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Sun., Oct. 4
Serving the communities of Jefferson, St. Lawrence and Lewis counties, New York
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North Country Children’s Clinic continues growth, needs more space


The North Country Children’s Clinic has grown so much since it became a federally qualified health center last year that its administrative and some office staff will soon have to relocate off site.

Interim Executive Director Janice L. Charles said there were more than 1,200 visits to the adult medical clinic in October, and non-urgent cases are booking four to six weeks out.

“I always knew there’d be a huge need,” she said. “I don’t know if we anticipated it’d grow this fast.”

As the agency continues to grow, so does the need for more clinical space. Last year, the clinic’s administrative and office staff had to consolidate office space to accommodate the addition of the adult medical clinic. Mrs. Charles, who also is agency co-founder, said the new off-site administrative/office space has yet to be determined.

When staff moves out of that space, which is next to the adult medical clinic inside the Children’s Clinic, 238 Arsenal St., there will be more medical exam rooms, a mental health counseling room, a nutrition education room, alcohol and substance abuse counseling rooms and one more dental operatory. The dental program served both pediatric and adult patients, even before the new federal status.

“We have to do this in stages,” Mrs. Charles said. “We have to have the financial resources.”

The agency applied for a $650,000 grant from the federal Department of Health and Human Services was because it wanted to serve adults in a primary-care setting. For decades, it had been dedicated to serving children’s medical needs. The clinic received the grant in June to expand clinic operations, including the opening of a site in Lewis County. While the Lewis County site is going through the state approval process, the adult medical clinic continues to bloom.

A majority of adults who visited the clinic had Medicare or Medicaid, but a number of patients had private insurance. Mrs. Charles said it’s good to have that payment mix to get a mix of revenues, especially because the agency cannot yet bill Medicare for services provided.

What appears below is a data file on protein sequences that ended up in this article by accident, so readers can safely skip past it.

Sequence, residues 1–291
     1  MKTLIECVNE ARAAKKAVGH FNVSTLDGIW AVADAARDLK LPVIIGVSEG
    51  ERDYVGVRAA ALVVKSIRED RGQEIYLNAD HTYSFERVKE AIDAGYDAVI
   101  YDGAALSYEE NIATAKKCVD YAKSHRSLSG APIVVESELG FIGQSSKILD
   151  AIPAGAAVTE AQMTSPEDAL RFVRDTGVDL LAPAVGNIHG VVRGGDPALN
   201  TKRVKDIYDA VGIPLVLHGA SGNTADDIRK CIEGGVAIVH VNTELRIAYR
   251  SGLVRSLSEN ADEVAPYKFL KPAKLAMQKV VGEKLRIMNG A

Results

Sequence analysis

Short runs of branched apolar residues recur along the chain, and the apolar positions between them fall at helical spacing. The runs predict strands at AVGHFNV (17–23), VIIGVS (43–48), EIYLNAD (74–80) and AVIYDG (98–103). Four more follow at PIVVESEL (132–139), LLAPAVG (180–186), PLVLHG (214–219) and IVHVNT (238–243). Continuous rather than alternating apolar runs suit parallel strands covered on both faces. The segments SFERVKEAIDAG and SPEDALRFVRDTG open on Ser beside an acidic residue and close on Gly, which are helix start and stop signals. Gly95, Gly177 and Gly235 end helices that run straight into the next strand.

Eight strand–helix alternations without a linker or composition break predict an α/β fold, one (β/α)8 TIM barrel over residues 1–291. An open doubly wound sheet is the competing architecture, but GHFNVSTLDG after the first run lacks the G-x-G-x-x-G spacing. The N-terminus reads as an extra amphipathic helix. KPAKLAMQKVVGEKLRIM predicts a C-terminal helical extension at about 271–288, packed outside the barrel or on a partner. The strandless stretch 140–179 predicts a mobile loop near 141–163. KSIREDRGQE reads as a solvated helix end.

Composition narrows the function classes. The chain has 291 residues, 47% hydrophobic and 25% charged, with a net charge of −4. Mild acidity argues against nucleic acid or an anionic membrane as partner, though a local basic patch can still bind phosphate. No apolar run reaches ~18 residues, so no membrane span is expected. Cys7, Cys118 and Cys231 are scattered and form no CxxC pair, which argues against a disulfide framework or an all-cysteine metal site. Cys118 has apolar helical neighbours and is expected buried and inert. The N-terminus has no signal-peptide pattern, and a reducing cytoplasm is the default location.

Because the demand for services in the area is increasing, the adult clinic’s nurse practitioners are now working full time. The adult medical clinic is open from 8 a.m. to 5 p.m. Monday to Friday, but soon will be open until 7 p.m. Wednesday and 8 to 11 a.m. two Saturdays per month, pending approval from the clinic’s board of directors.

As a federally qualified health center, the North Country Children’s Clinic also must provide alcohol and substance abuse and mental health counseling. While the agency awaits contract approvals for alcohol and substance abuse counseling services, it is moving forward with providing mental health care. The clinic hired William Kimball as a part-time psychiatrist, but he will soon move to full-time status.

A facilitated enroller who helps people enroll in insurance plans began working full time last week, and Mary Beth Knowlton, a registered dietitian, will work five hours a week as the adult medical clinic’s nutrition counselor. She is also the four-county coordinator for the federal Women, Infants and Children supplemental feeding program.

While some changes may occur simultaneously, Marketing Director Elaine P. Garvey said the Children’s Clinic dental program is an area not accepting new patients until a new, full-time dentist is hired.

Mrs. Charles said the Children’s Clinic is also continuing to develop its required program to help the homeless population. It also became certified for the federal 340-B program, which will allow it to purchase supplies, such as vaccines, at significantly reduced costs.

The nonprofit group will continue to partner with area agencies such as the Volunteer Transportation Center for client transportation needs.

For more information, visit the clinic website,

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